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Research Article Open Access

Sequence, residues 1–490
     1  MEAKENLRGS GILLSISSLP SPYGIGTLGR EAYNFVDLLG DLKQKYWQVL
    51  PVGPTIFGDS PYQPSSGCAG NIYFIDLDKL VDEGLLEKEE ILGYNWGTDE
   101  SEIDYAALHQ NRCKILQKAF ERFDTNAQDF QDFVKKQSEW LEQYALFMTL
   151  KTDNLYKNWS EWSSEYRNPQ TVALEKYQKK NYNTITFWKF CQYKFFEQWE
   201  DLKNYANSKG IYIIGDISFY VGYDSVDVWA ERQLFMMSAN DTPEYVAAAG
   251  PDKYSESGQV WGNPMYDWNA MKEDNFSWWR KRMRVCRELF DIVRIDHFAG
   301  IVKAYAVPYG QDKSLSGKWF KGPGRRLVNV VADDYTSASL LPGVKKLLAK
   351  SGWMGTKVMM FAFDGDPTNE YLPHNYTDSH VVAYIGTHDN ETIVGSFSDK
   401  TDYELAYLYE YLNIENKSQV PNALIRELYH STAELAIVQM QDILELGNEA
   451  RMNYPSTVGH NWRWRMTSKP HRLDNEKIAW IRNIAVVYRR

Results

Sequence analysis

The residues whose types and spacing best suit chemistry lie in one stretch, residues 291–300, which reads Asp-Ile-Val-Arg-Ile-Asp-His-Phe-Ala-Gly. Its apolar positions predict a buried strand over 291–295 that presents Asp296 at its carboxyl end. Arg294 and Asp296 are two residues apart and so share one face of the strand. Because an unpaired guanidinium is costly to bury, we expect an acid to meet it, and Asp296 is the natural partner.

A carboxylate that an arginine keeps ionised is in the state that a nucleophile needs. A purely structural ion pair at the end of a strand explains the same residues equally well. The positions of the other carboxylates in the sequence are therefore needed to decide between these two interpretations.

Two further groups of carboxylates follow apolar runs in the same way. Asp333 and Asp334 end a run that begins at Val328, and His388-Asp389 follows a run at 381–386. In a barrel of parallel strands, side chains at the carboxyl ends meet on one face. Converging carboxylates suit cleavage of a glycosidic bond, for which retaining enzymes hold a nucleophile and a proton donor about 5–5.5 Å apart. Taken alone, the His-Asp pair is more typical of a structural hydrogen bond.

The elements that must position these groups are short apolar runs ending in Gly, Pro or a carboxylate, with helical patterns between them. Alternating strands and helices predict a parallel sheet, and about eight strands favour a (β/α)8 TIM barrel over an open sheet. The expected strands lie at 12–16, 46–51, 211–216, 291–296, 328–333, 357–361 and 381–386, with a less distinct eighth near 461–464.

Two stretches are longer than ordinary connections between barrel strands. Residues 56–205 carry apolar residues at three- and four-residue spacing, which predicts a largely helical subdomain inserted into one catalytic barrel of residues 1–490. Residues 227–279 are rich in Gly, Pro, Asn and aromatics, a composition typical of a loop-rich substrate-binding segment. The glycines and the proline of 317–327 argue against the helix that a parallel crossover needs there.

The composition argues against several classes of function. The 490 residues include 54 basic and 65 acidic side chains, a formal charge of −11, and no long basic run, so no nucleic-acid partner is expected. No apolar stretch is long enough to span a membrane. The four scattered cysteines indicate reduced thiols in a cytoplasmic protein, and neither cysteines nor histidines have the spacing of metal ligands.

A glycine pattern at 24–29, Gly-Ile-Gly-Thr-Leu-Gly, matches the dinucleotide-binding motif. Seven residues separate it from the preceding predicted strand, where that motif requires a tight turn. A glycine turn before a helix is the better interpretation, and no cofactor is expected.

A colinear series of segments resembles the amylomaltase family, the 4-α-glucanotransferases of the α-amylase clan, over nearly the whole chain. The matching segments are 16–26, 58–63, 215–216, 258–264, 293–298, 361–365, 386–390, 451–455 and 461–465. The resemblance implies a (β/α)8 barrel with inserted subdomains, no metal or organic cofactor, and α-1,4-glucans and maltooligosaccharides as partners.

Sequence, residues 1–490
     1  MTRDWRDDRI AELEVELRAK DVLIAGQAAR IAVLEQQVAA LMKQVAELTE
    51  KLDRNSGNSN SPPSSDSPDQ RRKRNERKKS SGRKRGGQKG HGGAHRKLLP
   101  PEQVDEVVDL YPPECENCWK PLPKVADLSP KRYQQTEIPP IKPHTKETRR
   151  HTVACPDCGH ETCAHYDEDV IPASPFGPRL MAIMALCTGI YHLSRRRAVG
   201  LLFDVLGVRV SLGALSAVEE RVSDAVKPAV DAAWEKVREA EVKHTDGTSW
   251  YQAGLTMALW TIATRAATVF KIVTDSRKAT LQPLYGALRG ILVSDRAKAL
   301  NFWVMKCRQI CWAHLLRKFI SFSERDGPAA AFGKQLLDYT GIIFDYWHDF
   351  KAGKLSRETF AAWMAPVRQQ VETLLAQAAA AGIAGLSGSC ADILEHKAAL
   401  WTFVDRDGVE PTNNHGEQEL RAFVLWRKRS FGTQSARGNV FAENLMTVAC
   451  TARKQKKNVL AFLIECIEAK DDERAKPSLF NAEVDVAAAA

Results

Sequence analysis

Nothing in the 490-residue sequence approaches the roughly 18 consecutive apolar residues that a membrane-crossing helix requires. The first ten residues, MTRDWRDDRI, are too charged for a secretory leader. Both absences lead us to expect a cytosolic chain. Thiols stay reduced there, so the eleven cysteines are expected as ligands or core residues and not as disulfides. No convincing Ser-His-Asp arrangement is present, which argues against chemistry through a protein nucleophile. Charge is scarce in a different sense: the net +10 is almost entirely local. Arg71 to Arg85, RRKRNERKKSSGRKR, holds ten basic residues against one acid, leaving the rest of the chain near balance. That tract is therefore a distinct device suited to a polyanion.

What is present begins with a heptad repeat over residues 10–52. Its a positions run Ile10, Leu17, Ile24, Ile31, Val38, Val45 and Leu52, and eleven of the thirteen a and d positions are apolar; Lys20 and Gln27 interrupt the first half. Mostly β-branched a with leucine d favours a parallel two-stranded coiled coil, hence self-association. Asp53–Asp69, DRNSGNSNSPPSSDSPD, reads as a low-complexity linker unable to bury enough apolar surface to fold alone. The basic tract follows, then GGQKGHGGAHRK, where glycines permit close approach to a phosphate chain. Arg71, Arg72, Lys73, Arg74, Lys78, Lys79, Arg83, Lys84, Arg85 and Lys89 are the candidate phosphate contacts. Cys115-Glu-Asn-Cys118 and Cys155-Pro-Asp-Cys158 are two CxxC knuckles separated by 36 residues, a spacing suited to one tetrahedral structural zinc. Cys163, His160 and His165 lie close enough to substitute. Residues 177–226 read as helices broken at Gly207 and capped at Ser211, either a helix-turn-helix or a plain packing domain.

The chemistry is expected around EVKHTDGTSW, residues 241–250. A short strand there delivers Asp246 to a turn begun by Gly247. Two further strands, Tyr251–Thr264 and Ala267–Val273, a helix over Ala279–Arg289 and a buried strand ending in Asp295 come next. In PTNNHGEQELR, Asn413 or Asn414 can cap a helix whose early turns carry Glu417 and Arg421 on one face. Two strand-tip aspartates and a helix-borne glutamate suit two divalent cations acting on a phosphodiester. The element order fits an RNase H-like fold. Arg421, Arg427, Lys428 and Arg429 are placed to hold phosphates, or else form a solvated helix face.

Pancreatic cancer (PC) is a highly aggressive malignancy with limited therapeutic options. Early and accurate detection is critically important for successful cancer treatment. Currently, the most widely used and best validated marker for pancreatic cancer is carbohydrate antigen 19-9 (CA 19-9) and carcinoembryonic antigen (CEA). However, inadequate sensitivity and specificity limit the use of CA 19-9 and CEA in the early screening and diagnosis of pancreatic cancer. During past ten years, circulating tumor cells (CTCs) as a new liquid biomarker have received enormous attention in cancer diagnosis and management. Although CTCs are extremely rare and challenging to be isolated, their clinical significance has extensively been investigated in numerous clinical trials. In this review, we summarize the CTC application in translational pancreatic cancer research and its outlook in the future, specifically evaluating its clinical potential in pancreatic cancer diagnosis, prognosis, and treatments. Development of sensitive, specific, and reliable methods is expected towards a major impact on our ability in cancer management.